Options in Healthcare for Minorities
There are many types of jobs that are typically dominated by underrepresented communities. In low-income areas, you will find no shortage of Latino, Black, and Southeast Asian home health aides and CNAs. While this is a perfectly respectable profession, CNAs and home health aides don’t write out prescriptions. In order to help alleviate these racial disparities in the healthcare system, more minorities are going to have to train to become a pediatric nurse practitioner, go to medical school, or become a radiologist. There have to be more underrepresented people who get into oncology and nephrology to help bring down the mortality rates of minorities. This is a task that is easier said than done, as there are several different things that are preventing this. One is that it is expensive to go to school to become a doctor. Another factor is that it can simply be harder for minorities to attend medical schools, particularly if they are interested in completing a program that requires them to relocate. Sometimes, it can be more practical for low income, minority, and underrepresented communities to finish their healthcare field educations in a non-traditional manner.

What is Actually Being Done?
There has been a lot of talk, a lot of debate and disagreement about how to solve disparities both in the healthcare system as well as within the medical field itself. In general, minorities have trouble getting the same level of care as non-minorities because of location, lack of sensitivity training, and unaddressed and hidden social biases. What is being done now is that schools are pushing more minorities to go into the healthcare field, so that patients are better represented. There has been a big push for STEM in lower-income areas. Medical schools have also become more open to the idea of sponsoring specialized scholarships for the benefit of minority and underrepresented communities.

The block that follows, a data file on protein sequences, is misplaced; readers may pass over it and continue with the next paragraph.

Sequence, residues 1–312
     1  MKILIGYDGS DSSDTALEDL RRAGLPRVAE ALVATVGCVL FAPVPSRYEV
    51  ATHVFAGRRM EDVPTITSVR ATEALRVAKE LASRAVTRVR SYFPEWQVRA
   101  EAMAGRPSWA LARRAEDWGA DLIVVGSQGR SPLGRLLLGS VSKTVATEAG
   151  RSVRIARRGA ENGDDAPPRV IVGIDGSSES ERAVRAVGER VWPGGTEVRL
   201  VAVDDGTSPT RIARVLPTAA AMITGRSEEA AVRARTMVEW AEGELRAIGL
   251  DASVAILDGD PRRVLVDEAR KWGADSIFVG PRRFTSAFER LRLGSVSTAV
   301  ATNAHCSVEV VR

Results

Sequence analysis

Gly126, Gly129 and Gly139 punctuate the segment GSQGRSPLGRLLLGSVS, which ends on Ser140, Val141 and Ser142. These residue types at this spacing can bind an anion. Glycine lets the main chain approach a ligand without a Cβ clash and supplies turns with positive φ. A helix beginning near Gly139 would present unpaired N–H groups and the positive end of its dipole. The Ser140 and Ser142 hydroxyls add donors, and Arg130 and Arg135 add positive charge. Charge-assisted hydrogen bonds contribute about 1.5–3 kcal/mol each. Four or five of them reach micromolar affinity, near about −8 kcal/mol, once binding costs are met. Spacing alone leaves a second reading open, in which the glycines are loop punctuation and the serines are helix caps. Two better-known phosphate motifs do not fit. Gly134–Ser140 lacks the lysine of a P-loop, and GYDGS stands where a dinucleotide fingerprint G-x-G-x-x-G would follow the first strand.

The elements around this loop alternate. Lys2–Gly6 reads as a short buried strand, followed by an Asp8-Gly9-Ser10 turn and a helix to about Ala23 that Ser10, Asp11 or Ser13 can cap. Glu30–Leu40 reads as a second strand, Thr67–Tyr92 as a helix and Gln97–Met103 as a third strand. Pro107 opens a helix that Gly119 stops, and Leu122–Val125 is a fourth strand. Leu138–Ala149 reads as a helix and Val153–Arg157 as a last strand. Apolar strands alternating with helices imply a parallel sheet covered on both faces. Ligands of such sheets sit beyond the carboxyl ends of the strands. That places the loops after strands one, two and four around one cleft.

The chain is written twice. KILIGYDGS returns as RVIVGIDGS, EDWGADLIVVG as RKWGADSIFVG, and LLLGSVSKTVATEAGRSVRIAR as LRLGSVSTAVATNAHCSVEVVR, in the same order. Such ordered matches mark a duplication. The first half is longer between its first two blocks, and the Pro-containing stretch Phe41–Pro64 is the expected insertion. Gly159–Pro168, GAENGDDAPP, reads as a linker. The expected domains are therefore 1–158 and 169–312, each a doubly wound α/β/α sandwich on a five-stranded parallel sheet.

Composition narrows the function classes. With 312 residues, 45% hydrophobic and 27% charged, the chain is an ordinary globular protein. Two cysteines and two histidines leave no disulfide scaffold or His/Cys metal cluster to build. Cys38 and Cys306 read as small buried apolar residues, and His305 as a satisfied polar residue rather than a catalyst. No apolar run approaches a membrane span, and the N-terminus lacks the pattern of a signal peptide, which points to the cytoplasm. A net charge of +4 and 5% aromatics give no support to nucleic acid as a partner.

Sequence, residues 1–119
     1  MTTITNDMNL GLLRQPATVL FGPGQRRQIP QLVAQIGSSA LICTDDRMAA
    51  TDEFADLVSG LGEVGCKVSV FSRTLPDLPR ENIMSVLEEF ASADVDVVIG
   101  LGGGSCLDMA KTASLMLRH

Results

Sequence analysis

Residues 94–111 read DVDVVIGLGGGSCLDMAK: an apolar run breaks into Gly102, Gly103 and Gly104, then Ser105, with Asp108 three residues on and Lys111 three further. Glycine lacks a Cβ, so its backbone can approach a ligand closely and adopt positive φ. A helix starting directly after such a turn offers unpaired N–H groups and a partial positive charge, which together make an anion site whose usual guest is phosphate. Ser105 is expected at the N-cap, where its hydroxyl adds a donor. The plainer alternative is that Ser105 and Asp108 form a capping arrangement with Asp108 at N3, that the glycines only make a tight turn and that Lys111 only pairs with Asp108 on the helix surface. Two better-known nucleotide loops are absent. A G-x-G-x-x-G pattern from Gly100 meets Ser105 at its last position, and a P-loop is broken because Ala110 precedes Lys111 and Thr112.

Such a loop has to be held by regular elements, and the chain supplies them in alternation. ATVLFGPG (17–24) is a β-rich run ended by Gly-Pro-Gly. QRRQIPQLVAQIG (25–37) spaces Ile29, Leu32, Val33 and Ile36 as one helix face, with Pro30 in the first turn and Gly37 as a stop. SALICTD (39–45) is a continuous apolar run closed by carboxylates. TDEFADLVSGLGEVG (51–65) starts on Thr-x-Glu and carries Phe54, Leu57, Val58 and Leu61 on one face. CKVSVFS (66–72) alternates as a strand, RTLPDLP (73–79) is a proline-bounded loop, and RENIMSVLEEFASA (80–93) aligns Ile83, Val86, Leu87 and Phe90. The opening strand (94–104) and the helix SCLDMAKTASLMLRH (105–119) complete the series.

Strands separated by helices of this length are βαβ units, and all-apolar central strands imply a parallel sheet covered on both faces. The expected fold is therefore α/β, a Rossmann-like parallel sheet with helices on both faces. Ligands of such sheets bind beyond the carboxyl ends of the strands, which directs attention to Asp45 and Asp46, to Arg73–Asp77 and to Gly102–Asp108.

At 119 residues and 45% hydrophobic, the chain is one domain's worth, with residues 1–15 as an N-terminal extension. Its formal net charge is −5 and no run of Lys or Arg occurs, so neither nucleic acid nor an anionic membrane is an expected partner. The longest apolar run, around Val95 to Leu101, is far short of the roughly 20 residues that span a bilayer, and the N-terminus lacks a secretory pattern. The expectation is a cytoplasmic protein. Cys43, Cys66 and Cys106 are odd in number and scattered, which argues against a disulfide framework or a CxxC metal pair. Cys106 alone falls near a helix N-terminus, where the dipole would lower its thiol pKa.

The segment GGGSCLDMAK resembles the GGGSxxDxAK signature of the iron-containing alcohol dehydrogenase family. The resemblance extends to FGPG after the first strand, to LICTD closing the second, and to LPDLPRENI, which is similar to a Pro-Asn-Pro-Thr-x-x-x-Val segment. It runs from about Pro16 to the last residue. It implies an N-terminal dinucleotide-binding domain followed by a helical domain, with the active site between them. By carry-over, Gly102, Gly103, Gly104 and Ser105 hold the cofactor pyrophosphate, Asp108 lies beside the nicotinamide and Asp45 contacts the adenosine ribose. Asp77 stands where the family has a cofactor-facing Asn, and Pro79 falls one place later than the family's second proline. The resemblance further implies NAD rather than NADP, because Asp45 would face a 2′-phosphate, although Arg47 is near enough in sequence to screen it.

As much as generations have worked to provide all children with similar opportunities, some differences are going to remain. A child growing up in NYC is going to be more familiar with the subway than a farm setting. Children growing up as first-generation immigrants are likely going to speak a different language at home than in public, versus children who are only fluent in English. Sometimes, differences are a good thing that should never be viewed as being a hindrance. On the other hand, there should not be a mismatch in the level of opportunities that children have growing up. Not one child should grow up worrying about having enough food to eat or know that they are doomed to stay in cyclical poverty. Hopefully, erasing the disparities in the healthcare system that exist in the U.S. will help children to grow up with the same types of opportunities once and for all.

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How Disparities in the Healthcare System Exasperate the Wealth and Health Gap
The healthcare system in the United States is not a terrible one, but it admittedly could be a whole lot better. On average, patients are getting sicker, they're getting younger, and their outcomes are getting worse.